Airflow limitation can be transient and does not necessarily mean that the person has asthma (e.g. when recorded during a severe acute infection of the respiratory tract). Ideally, airflow limitation should be confirmed when the patient does not have a respiratory tract infection. Reduction in lung function during a respiratory tract infection with improvement in lung function after its resolution, commonly occurs in people with asthma, but can also be seen in patients with COPD or in healthy people without either asthma or COPD.10,11

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References

  1. Aaron SD, Vandemheen KL, Boulet LP, et al. Overdiagnosis of asthma in obese and nonobese adults. CMAJ. 2008; 179: 1121-1131. Available from: http://www.cmaj.ca/content/179/11/1121.full
  2. Lucas AE, Smeenk FW, Smeele IJ, van Schayck CP. Overtreatment with inhaled corticosteroids and diagnostic problems in primary care patients, an exploratory study. Fam Pract. 2008; 25: 86-91. Available from: http://fampra.oxfordjournals.org/content/25/2/86.full
  3. Luks VP, Vandemheen KL, Aaron SD. Confirmation of asthma in an era of overdiagnosis. Eur Respir J. 2010; 36: 255-260. Available from: http://erj.ersjournals.com/content/36/2/255.full
  4. Marklund B, Tunsäter A, Bengtsson C. How often is the diagnosis bronchial asthma correct?. Fam Pract. 1999; 16: 112-116. Available from: http://fampra.oxfordjournals.org/content/16/2/112.full
  5. Aaron SD, Fergusson D, Dent R, et al. Effect of weight reduction on respiratory function and airway reactivity in obese women. Chest. 2004; 125: 2046-52. Available from: http://www.ncbi.nlm.nih.gov/pubmed/15189920
  6. Pellegrino R, Viegi G, Brusasco V, et al. Interpretative strategies for lung function tests. Eur Respir J. 2005; 26: 948-968. Available from: http://erj.ersjournals.com/content/26/5/948
  7. National Heart Lung and Blood Institute (NHLBI) National Asthma Education and Prevention Program. Expert Panel Report 3: guidelines for the diagnosis and management of asthma. Full report 2007. US Department of Health and Human Services National Institutes of Health, Bethesda, 2007. Available from: http://www.nhlbi.nih.gov/health-pro/guidelines/current/asthma-guidelines/full-report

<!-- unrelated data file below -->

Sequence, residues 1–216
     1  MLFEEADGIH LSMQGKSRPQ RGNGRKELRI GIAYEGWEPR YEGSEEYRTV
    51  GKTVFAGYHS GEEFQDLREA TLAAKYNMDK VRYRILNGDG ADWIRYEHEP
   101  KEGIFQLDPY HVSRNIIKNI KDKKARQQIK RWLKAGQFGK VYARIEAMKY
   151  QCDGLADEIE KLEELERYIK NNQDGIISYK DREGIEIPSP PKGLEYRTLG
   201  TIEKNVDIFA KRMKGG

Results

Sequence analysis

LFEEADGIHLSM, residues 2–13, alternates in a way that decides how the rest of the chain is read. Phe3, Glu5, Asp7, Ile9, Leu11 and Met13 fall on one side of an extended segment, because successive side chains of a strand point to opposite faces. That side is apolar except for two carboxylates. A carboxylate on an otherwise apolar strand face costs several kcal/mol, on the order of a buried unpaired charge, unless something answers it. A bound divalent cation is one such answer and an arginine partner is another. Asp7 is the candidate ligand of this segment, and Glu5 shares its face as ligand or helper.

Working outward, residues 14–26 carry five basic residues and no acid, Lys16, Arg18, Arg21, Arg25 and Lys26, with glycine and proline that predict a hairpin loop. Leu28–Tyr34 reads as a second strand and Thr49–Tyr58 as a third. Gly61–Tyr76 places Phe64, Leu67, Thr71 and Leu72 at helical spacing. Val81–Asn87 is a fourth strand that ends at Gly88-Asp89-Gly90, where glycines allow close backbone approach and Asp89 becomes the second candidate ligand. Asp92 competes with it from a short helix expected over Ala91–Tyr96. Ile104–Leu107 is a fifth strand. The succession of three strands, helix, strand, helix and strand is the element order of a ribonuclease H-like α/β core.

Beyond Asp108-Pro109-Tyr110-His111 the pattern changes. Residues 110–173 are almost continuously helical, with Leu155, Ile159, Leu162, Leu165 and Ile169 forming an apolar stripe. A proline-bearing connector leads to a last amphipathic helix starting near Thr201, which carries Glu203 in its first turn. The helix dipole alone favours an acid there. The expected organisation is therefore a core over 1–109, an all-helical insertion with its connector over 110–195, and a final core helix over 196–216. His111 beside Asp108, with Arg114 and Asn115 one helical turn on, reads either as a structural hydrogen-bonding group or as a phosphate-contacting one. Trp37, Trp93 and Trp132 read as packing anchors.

8. Quanjer PH, Stanojevic S, Cole TJ, et al. Multi-ethnic reference values for spirometry for the 3-95-yr age range: the global lung function 2012 equations. Eur Respir J. 2012; 40: 1324-43. Available from: http://www.ncbi.nlm.nih.gov/pubmed/22743675
  9. Levy ML, Quanjer PH, Booker R, et al. Diagnostic Spirometry in Primary Care: Proposed standards for general practice compliant with American Thoracic Society and European Respiratory Society recommendations. Prim Care Respir J. 2009; 18: 130-147. Available from: http://www.ncbi.nlm.nih.gov/pubmed/19684995
  10. Collier AM, Pimmel RL, Hasselblad V, et al. Spirometric changes in normal children with upper respiratory infections. Am Rev Respir Dis. 1978; 117: 47-53. Available from: http://www.ncbi.nlm.nih.gov/pubmed/619724
  11. Melbye H, Kongerud J, Vorland L. Reversible airflow limitation in adults with respiratory infection. Eur Respir J. 1994; 7: 1239-1245. Available from: http://www.ncbi.nlm.nih.gov/pubmed/7925901